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Report No. 135

8.2. Some practical aspects noted.-

While we appreciate the spirit underlying the suggestion, it seems to us that there might be some practical aspects to be considered if the suggestion is to be implemented. On the one hand, if the mobile court is held near the prison wherein women prisoners are housed, then there would be the practical problem of transporting the court personnel, the witnesses and others concerned with the case, as well as the records. The analogy of traffic offences would not be quite appropriate. The questions involved in trials relating to traffic offences are extremely simple; ordinarily, no witnesses are examined, and the matter is decided after perusing the report of the traffic constable on duty.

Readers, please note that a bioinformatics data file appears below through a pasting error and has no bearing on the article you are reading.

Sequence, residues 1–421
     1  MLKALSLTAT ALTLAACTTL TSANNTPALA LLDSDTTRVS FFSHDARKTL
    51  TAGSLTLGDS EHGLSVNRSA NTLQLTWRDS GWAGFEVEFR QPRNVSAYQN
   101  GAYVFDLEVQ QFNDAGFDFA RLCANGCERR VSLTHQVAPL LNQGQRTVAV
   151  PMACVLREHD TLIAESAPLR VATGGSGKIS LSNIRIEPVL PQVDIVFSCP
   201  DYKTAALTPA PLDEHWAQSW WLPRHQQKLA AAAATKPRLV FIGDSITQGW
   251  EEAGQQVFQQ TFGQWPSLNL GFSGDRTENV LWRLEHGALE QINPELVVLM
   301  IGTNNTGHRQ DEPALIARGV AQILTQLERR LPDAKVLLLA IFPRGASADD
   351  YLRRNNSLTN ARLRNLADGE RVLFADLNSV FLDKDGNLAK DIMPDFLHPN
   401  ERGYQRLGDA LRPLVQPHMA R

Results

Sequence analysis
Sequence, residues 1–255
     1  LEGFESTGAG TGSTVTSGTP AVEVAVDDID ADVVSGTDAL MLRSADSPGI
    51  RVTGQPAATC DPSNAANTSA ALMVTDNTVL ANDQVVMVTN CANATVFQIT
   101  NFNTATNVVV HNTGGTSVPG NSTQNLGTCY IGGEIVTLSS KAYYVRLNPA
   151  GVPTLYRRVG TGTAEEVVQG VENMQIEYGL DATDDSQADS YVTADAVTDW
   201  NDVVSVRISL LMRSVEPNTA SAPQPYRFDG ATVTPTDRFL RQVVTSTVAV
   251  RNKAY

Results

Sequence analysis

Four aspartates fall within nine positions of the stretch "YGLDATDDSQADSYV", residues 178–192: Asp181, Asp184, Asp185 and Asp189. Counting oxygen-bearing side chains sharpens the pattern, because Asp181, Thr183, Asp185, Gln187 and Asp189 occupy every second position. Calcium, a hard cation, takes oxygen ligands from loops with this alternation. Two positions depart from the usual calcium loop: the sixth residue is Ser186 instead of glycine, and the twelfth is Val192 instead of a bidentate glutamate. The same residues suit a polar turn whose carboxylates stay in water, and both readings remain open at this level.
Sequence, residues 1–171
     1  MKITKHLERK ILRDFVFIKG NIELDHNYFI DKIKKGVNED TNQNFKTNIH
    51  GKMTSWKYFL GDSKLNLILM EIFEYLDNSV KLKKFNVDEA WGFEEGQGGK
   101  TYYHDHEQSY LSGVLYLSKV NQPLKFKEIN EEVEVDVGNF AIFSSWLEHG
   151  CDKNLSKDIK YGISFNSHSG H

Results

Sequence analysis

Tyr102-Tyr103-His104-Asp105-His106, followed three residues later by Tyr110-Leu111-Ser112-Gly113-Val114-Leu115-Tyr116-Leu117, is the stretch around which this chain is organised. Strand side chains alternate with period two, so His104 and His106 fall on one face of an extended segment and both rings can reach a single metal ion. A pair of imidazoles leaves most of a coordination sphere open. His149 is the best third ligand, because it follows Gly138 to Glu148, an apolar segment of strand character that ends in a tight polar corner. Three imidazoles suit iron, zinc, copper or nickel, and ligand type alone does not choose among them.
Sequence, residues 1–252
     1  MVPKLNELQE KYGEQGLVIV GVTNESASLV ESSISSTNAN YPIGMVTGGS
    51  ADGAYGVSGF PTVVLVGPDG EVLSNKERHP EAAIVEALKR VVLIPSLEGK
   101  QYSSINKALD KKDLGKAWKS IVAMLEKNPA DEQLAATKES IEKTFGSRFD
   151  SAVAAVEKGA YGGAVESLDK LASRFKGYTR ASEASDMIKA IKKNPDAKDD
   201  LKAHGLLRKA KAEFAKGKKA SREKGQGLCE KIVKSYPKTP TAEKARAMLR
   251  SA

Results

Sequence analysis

In contrast, in offences which involve a potential sentence of imprisonment, more than one witness will normally have to be examined. Documents and articles have to be kept ready for the trial. Some of these articles would be valuable from the pecuniary point of view. A few others, while having no monetary value as such, might be crucial to the case, for example, weapons, clothes and other articles which have been examined by forensic scientists. It is also common experience that all witnesses.are not in attendance at the same time, so that the Mobile Court would have to visit the prison more than once.



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